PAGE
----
by Michael

The name “Squitten” is probably less well known than the notorious “twisty cat”. They refer to the same cat, however. Apparently the press have also called these cats, “Kangaroo cats”. Although Kangaoroo cats look like Squitten cats the genetic mutation that produces the shortened and deformed forelimbs is different, we are told.

Squitten cat

Photo: published here under a Wikimedia Commons license. Photo by Sarah Hartwell.

The anatomical defects are: shortened, twisted or absent radius and ulna of the forelimb, normal length hind limbs and extra toes on the front paws. The radius and ulna are the two bones of the forelimb that join the metacarpals, which in turn join the phalanges (toes). Note: the cat walks on the toes of his or her feet (digitigrades).

The name is a combination of “squirrel” and “kitten” reflecting the shortened forelegs of squirrels and the fact that the cat, in compensating for the less useful forelimbs, develops a strong back and hind limbs allowing the cat to take up the meerkat or squirrel-like position. My three-legged cat does the same and he has lost his right forelimb. The pictures from the Karma Farms website bear this out. When these cat walk or run the gait is heavily modified. It is a kind of hopping, rabbit or kangaroo motion as the lower back lifts the body up and the hind limbs propel the cat forward. Also, jumping down is difficult as the forelimbs are less able to take the weight.

I am not sure why “kitten” was used as these cats do not have a kitten-like appearance. Another reason for the name is the idea that the Squitten is a squirrel-cat hybrid, says Sarah Hartwell. I don’t think this is true.

I have seen the Squitten advertised on an Asian website. It would appear that someone is breeding them in Asia, perhaps Indonesia. Although the website is so scammy that it may just be a way a bringing in website traffic without any substance behind it (see the page).

The Squitten is one of the numerous domestic cats that have been created by a genetic mutation some of which have been developed into successful breeds. Well known cat breeds that were developed this way are the Scottish Fold (ear flaps lying flat), Munchkin (short legs), American Curl (ears curled back) and Sphynx (hairless). Thankfully, the Squitten cat was not formally developed as a cat breed. It is not recognised by any cat association. It cannot be described as a cat breed.

In 1998, twisty kittens were presented to the world on a website built by Karma Farms. Twisty cats where not bred (they say) but where born at a horse farm in Marshall, Texas, United States, called Karma Farms. There might have been an intention to breed them at one time but public reaction killed that idea. They caused a bit of a stir in the press and where featured on Animal Planet where they were described as “weird” and “freaky”. I would prefer the descriptions, “vulnerable” and “sad”.

In the case of the Squitten the genetic mutation is related to the one that causes polydactyl cats but not the sort of polydactyl cat with which we are familiar (more than the usual number of toes).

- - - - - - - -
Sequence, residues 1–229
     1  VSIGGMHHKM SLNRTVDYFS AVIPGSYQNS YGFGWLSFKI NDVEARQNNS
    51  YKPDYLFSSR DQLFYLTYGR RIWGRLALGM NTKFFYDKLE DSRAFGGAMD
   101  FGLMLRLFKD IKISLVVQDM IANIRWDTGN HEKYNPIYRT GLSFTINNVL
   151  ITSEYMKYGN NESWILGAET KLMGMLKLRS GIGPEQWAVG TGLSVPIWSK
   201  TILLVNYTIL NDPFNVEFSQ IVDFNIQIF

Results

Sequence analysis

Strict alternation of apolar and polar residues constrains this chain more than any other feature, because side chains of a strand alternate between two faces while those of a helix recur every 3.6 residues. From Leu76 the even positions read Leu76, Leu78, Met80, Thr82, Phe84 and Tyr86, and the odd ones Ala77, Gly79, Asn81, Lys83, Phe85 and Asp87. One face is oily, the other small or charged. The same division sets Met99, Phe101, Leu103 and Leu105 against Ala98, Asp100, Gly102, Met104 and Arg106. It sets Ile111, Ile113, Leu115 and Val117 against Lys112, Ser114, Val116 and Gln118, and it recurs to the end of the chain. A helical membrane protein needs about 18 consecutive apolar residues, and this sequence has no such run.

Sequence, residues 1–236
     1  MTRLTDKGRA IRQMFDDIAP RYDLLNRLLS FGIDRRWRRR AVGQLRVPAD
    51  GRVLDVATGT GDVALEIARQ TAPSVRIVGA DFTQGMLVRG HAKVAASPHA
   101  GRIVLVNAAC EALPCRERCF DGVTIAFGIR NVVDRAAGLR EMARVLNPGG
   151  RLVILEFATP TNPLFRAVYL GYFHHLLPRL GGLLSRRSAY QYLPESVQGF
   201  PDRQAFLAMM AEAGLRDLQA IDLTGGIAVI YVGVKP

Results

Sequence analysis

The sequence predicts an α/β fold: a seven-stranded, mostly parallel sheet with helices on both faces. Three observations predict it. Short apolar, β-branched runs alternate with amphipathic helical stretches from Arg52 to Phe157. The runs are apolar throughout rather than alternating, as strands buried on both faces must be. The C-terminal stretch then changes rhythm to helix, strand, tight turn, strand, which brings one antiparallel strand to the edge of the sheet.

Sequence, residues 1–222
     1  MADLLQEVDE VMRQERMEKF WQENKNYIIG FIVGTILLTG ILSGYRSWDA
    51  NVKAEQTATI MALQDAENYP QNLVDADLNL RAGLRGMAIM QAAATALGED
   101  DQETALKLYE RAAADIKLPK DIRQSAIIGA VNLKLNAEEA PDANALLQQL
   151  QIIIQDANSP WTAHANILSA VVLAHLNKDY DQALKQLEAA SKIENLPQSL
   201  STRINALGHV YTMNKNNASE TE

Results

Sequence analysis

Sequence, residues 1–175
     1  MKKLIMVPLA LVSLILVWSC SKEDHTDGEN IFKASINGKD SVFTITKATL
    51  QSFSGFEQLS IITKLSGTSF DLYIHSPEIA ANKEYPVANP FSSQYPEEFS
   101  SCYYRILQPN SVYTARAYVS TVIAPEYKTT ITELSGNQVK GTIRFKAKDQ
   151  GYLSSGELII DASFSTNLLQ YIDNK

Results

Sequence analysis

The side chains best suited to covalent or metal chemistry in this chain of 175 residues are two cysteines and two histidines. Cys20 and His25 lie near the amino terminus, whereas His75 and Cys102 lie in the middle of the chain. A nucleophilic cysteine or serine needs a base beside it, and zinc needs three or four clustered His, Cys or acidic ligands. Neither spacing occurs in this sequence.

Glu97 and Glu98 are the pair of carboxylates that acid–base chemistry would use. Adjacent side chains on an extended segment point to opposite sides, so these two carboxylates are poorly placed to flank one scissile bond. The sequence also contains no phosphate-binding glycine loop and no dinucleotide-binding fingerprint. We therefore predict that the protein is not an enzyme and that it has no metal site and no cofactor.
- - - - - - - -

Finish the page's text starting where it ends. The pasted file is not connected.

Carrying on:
The medical condition that describes the underdeveloped forelimbs is radial hypoplasia. Other related medical conditions are (a) foreleg micromelia (meaning small forelegs) (b) radial aplasia (absent radius bones) and (c) radial agenesis (radius bones not forming).

It is probably fair to say that the cat fancy has turned away from the acceptance of cats developed from genetic mutations because of the health consequences.


Squitten to home page

Squitten – sources – Wikipedia, Karma Farms and Messybeast (Sarah Hartwell).

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Feb 05, 2012
Using cats making excuses NEW
by: Michael

Sometimes breeders go over the line from decency to immorality but they tend to make excuses or find some reason why it is acceptable. It is just a human thing, the human condition.

How anyone could consider the Squitten a cat to be bred and sold is beyond me.

However, the accidental creator says she does not breed them. There was an outcry and rightly so.

Feb 04, 2012
Squatters NEW
by: Anonymous

I would hope breeders would not try to continue duplicating this, just to sell the cats as a novelty….I know many novelties do exist in order to satisfy people looking for novelty animals. I find it very sad to know this market exists. Next thing, breeders will try to produce two headed, or six legged cats. It is one thing to raise a cat that is unusual and give it the life it still deserves, another entirely to purposely breed deformed animals that fetch high prices so that those that can afford….have something interesting to talk about at there next social function. I vote we continue to talk about those cats that come to us naturally. Without the interference of humans that are seeking profit at the sake of a fully functioning animal. : (

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About Michael Broad

Michael is retired! He retired at age 57 and at Aug 2018 is approaching 70. He worked in many jobs. The last job he did was as a solicitor practicing general law. He loves animals and is passionate about animal welfare. He also loves photography and nature. He hates animal abuse. He has owned and managed this site since 2007. There are around 13k pages so please use the custom search facility!


Squitten — 3 Comments

  1. i am wondering if squittens are the same as cabots..i just heard of these as described as cross between a cat and rabbit..i was told they have a jump like a rabbit…i agree that messing with nature has a ring of mental illness..

    • Hi Sylvia. As far as I know Squittens are not the same as cabots. And isn’t it “cabbit” – which is a fictional rabbit/cat cross. Manx cats can hop a bit like a rabbit. Rabbits and cats don’t mate. Thanks for asking.

  2. Pingback: Qualzucht – Torture Breeding | Pictures of Cats

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